Even if I shot this in 60i, I still never would have never used a shutter speed over 1/75. Higher shutter speeds are used to catch fast action. A tour guide giving a speech in a vineyard is not fast action. That's why when he moved his hands, they had that "fast action blur". Too high of a shutter speed. A lower shutter speed of about 1/60 or 1/75 will give him more natural movement.

The decision of 60i, 30P or 24P is a personal choice. I like 30P because it's not that "dry" video look, yet not as "strobey" as 24P. It's a happy medium. My understanding of the XL2 is footage shot in 16:9 have a higher resolution than the 4:3. Don't quote me on that though.

30P, 1/60 is normally where I keep my camera at unless there's a need to change the shutter speed. I use the iris, ND filters, menu settings and gain to adjust for exposure, not the shutter.
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Old November 20th, 2006, 09:11 PM   #8
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Quote:
Originally Posted by Jonathan Kirsch
Thanks for the advice, guys. I realize I had a high shutter speed, but anything else would have looked too dark, though. If I didn't open the lens wide, I would not have been able to get good levels. I will test it out, though, just to make sure. And I usually shoot in 60i because I have no need to shoot 24p or 30p. I don't need that "film look." And doesn't shooting at those frame rates take away some of the detail as well? Or can I compensate for that using some of the presets here?

Thanks for all the comments.

Jonathan
Hi Jonathan. A slower shutter speed would let more light in, so would help if your image is a bit dark.

Richard
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Old November 21st, 2006, 02:23 PM   #9
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To clarify what Richard is already saying, if your image is dark, like you say, then you would need to slow down your shutter speed in order to let more light in. That is, you would need to do the opposite of what you're currently doing.

And to confirm what Adam suspected, yes, 16:9 provides greater detail than 4:3 in the XL2. When you're in 4:3 mode, the camera has to crop out a certain part of the CCDs.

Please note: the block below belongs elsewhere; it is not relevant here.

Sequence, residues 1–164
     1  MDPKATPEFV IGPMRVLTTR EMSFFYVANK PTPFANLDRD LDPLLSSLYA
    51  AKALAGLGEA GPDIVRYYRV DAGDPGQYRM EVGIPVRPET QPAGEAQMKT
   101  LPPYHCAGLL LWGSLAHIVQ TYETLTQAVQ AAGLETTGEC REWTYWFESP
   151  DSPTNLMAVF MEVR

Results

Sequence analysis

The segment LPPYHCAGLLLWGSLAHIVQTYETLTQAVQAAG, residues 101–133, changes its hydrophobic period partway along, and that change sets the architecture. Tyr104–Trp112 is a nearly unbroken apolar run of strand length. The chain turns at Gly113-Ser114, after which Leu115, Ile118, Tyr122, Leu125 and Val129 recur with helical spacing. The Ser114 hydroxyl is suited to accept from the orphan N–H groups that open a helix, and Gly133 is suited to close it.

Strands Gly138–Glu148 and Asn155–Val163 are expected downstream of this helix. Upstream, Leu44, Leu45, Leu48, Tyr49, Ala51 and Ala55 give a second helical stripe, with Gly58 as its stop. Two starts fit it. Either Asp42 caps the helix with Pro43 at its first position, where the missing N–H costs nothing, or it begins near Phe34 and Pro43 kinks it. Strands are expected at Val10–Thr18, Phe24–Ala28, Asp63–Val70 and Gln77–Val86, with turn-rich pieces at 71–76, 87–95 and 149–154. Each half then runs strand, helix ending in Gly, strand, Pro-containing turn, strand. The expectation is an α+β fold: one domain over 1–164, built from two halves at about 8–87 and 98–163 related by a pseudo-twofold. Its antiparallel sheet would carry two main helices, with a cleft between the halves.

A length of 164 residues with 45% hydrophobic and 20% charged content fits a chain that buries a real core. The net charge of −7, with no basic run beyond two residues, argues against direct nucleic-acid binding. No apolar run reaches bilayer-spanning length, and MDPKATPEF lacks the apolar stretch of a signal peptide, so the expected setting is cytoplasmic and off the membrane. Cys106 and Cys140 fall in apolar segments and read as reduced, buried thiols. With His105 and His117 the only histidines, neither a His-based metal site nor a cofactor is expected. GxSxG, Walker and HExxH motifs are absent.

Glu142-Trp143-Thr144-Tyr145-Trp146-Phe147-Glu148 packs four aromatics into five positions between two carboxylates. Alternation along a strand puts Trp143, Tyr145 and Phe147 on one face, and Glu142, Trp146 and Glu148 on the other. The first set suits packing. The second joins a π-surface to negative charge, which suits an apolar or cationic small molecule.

As far as frame rate affecting "resolution" or "detail" the two really have nothing to do with one another. Frame rate will affect motion and that can have an effect on bluring caused by the motion but not "detail" per se.
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Old November 21st, 2006, 03:42 PM   #10
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Ok, I'm a bit confused now. It seems this is all contrary to everything I've learned in the biz the last 8 years (unless I'm understanding something wrong...and that could very well be the problem!) I thought I understood the ideas behind lighting...maybe I just need to get better with the camera itself and how the XL2 can work for me.

And I usually shoot as close to 1/60 as possible, since a lot of the areas I go to (cellars, barrel rooms, etc) don't have much light anyway. Outside, though, it's a crap-shoot. I try to keep it as low as possible.

And thanks for the clarification Adam and Douglas. I probably used the wrong words. The way I look at the difference between video (60i) and film (24p or 30p) is like the difference between watching the "Cosby Show" (videotaped) and "Cheers" (filmed). Obviously two different mediums, but you can tell "Cheers" has that grainy film look and doesn't seem to have the detail that videotaped shows or even the news (live) has. Maybe it's just me. Anyone else notice the difference?

Jonathan
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Old November 21st, 2006, 04:04 PM   #11
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In terms of shutter speed: Although people do sometimes call shutter speeds "higher or lower," it's usually easier to understand if you think of them, instead as just "faster or slower." 1/75 is a "faster" shutter speed (sometimes called "higher," in the sense that a faster speed is also a "higher" speed) than 1/60, which is slower (or "lower").